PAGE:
“I think so,” Quarterback Blake Bortles said after an early afternoon practice at Allianz Field for the third straight year. “A big group of guys have been on this trip a couple of years. It helps to have a routine; it helps with sleep and having some experience here. We try to stay up as long as possible today and usually everybody feels good by Saturday.”

Traveling on the world’s longest commercial airliner, the Virgin America jet has enough first class seats for most of the players to have a lie-flat bed and get some sleep crossing the Atlantic. On domestic away games, the coaches sit up front. The team arrived early Friday morning, checked into their hotel and went immediately to practice, with Head Coach Doug Marrone saying every player reacts to the trip differently.

“For each player that’s done it before it works for them,” he noted. “They know what to do. I don’t think there’s one clear way to do it. You’re here on a business trip, not sightseeing not on vacation.”

It was obvious after practice today that the players were anxious to get back on the field. They’ve had success the last two years at Wembley and last week’s loss to the Titans at home stung the players after having success in week one against the Texans.

“We kinda break the season down into quarters and right now we’re 1-1,” Bortles explained. “We want to win every quarter so we have a chance to get back on track this week.”

It would seem silly to call the game in week three of the regular season as a “must win” game. But without a bye following the trip to London and back-to-back road games at the Jets and the Steelers, a win this week on their “home” turf at Wembley Stadium would go a long way in helping the team be competitive in the division.

“I want that mentality every week,” Marrone added. “Treat everything as a must win.”

Jaguars 2017 Look Like Jaguars 2016 vs. Titans

After a week where they didn’t commit a single turnover, the Jaguars gave up two in the first half and one at the start of the third quarter against Tennessee in the home opener on Sunday. After playing only his second game as a professional without turning the ball over last week, Blake Bortles was sacked and fumbled the ball and a pass was tipped at the line of scrimmage and picked off. Bortles threw it behind Marqis Lee to start the second half and the batted ball was easily grabbed by Tennessee. The first two could be considered not his fault, but turnovers are turnovers. And the third was just a bad throw.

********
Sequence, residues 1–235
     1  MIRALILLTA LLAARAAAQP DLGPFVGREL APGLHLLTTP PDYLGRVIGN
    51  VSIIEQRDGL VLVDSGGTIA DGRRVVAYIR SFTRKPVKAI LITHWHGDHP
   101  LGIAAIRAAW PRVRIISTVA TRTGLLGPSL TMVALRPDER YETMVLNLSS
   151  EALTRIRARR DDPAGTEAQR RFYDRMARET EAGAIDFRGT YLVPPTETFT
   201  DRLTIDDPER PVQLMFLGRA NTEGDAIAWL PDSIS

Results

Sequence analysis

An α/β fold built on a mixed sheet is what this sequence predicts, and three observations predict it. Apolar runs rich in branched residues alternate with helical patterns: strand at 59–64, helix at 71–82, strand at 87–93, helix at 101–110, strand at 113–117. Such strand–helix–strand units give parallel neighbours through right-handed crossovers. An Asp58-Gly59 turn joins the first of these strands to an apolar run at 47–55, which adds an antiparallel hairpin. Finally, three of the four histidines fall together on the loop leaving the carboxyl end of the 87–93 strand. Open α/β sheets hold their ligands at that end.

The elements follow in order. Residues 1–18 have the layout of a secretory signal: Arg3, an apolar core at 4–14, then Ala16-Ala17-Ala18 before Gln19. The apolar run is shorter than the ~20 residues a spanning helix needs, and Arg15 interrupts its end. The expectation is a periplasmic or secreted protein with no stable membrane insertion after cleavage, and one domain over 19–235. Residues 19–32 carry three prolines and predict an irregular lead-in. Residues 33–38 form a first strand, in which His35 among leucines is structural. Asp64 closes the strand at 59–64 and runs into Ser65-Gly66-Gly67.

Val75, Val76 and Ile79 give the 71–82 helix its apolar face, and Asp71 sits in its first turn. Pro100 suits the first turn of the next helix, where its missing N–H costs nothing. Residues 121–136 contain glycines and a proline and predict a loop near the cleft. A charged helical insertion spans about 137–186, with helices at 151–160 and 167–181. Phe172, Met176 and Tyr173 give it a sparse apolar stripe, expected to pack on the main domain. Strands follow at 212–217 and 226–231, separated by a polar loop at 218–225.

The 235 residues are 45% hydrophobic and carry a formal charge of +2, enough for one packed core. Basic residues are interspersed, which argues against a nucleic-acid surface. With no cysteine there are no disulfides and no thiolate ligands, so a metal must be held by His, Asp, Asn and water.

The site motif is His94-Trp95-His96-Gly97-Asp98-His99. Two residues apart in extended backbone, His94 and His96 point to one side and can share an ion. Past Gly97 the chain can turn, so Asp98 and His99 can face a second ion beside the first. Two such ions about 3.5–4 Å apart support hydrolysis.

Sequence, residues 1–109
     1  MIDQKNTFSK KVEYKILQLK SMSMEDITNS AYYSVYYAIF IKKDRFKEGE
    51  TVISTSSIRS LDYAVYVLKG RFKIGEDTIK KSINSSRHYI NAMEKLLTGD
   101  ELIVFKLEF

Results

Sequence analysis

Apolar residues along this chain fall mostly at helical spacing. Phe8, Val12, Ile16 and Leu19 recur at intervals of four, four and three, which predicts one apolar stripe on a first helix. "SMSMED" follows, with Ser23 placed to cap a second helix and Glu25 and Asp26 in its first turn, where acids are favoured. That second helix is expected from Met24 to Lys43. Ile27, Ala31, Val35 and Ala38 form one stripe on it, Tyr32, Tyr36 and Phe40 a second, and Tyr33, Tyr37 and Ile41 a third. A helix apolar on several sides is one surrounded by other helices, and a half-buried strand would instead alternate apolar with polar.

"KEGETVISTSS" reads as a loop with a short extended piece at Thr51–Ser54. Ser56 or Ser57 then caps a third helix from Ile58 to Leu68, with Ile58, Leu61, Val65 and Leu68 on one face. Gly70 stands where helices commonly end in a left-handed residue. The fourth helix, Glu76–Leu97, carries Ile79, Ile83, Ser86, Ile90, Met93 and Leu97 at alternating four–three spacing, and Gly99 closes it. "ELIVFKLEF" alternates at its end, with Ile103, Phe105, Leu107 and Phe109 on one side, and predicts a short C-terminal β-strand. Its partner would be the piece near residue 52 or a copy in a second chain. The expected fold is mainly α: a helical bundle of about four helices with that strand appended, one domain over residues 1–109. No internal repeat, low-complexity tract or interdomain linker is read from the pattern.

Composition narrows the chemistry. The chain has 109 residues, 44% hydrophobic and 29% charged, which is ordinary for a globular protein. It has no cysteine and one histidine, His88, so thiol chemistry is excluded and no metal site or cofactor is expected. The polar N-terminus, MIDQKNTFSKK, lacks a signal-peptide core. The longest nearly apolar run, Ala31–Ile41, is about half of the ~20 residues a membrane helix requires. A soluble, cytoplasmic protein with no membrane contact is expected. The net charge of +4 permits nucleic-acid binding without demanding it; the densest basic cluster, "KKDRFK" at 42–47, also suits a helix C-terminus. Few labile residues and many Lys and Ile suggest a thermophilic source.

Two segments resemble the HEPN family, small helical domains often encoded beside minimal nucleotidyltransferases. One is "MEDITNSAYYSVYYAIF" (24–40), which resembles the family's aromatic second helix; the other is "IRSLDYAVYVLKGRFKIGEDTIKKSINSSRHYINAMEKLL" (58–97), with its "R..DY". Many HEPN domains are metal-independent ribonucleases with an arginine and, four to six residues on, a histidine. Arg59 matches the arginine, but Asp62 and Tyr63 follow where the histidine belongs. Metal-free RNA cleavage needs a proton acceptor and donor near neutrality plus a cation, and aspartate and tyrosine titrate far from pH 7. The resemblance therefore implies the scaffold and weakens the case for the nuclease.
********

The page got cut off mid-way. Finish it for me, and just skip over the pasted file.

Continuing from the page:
When you turn it over on three consecutive possessions in the NFL, bad things start to happen. Your defense is on the field too much. The opponent starts to run through their playbook because they are staying on the field. And eventually, they score, which is what Tennessee did after a long punt return, Derek Henry running through some Jaguars and around others inside the 20 to give the Titans a 16-3 lead.

After another series where the offense didn’t get the job done, the Titans scored again taking advantage of a long throw from Marcus Mariota to Taywan Taylor to make it 23-3. And to add insult to injury, Jalen Ramsey hit Delaney Walker out of bounds after the TD for a 15-yard penalty. And it’s not just the penalty; it’s that kind of undisciplined play that has earned the Jaguars a reputation as a sloppy team.

It would be easy to dump it all on Bortles after he appeared to revert to the Blake of 2016. Perhaps that’s the case, but the Jaguars wide receivers didn’t get much separation against the Titans DB’s and had a couple of drops as well. The offensive line did a decent job and was at least serviceable, but falling behind and relying on the passing game to keep you in it is not how the Jaguars are built nor is it how they want to play.

With ten carries for 33 yards in the first half, Leonard Fournette wasn’t a factor once the Titans took the lead. And without the fear of the running game, Tennessee was able to sit back and manage the game on defense.

It was pretty clear the Jaguars defense was out of gas, giving up a screen pass touchdown mid-third quarter to make it 30-3, Don’t you know Mike Mularkey had a sly smile on his face when all this was happening.